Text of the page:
London-based SHOWstudio is giving us the gift of Erwin Blumenfeld’s magic through a series of previously unreleased films on advertising. Experiments in Advertising: The Films of Erwin Blumenfeld is a virtual show of the photographer's experiments with film from 1958 to 1964, which makes the final product even more impressive given the level of technical skills needed to produce such work at that time.
An interview with Blumenfeld’s son Yorick, makes for an interesting companion piece to the films. A writer himself, Yorick Blumenfeld offers some insight on the motivations and general mindset of his father at the moment of producing these shorts.
Yorick also provides a blunt impression of his father’s feelings towards advertising and commercial work versus what he considered more artful, personal stuff. In this part the old dichotomy of art versus advertising comes afloat. In the context of his father’s autobiographical work, Yorick tells us that the photographer “felt that much of his time had been spent in a world of advertising, and making money, and he saw this as a form of prostitution,” which led to his self-portraits in the red light of Dutch prostitutes.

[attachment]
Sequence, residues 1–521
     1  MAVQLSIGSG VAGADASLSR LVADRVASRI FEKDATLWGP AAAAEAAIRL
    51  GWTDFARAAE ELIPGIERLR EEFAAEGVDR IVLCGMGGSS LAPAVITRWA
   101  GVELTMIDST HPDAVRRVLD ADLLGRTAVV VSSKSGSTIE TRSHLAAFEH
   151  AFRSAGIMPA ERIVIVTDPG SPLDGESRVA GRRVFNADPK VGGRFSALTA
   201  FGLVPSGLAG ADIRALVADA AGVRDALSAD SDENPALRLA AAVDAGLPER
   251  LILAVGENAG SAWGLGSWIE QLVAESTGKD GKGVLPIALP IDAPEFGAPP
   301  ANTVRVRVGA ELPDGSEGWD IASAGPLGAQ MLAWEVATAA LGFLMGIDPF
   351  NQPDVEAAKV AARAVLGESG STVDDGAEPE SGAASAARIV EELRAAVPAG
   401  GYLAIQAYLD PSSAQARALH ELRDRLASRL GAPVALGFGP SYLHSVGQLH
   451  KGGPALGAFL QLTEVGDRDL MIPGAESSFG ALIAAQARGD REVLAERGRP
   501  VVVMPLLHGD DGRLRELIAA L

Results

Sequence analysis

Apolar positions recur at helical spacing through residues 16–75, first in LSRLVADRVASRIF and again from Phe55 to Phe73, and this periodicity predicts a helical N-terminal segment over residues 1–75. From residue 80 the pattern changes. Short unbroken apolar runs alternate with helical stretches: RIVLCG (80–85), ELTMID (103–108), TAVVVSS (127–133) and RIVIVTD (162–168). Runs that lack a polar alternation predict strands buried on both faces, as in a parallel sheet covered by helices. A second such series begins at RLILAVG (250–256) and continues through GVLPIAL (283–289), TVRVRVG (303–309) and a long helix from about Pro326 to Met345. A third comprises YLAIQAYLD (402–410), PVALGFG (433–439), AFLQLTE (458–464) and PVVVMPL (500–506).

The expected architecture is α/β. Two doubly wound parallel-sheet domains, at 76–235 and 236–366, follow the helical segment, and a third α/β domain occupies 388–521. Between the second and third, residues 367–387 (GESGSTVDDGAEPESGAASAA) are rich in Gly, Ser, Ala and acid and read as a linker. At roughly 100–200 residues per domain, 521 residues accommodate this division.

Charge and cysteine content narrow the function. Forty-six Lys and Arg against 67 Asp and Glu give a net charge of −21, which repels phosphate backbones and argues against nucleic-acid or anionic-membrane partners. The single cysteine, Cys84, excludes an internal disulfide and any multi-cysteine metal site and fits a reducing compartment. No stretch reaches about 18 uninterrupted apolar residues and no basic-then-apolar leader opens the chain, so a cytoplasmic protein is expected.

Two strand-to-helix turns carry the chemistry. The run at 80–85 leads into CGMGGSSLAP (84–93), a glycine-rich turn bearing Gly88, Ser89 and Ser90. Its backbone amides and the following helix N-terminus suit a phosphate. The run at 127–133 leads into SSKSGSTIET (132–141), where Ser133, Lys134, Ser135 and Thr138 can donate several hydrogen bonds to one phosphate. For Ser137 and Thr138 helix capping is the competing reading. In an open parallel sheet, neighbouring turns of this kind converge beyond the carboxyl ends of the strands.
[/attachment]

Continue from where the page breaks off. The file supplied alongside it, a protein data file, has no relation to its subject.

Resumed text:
The fact that such a prominent figure of the world of fashion is reflected under such a strong moral light help us understand these rare films, which definitively depart from and land on the territory of art, but with the clear advertising aura throughout. This is why he was unable to sell them as TV commercials at that time (although they could probably make it to the small screen now), the paradigm reversed itself and came back to haunt him, the films were too pure for the advertising world, that is if pure is the exact opposite of prostitution in the stiff world of stereotypes (which are no more than empty signifiers).
In any case, the experimental TV spots of Erwin Blumenfeld are not only interesting to watch and extremely beautiful but offer us a vision of advertising that was ahead of his time. Once we are able to strip them from Barthes’ “moral feelings” it is easy to appreciate how the artist (?) had the vision of making something beautiful for his audience, of adding value to the people watching. Isn’t that the new trend, the base of the new wave of advertising?
Thanks again to Mogollon for contributing.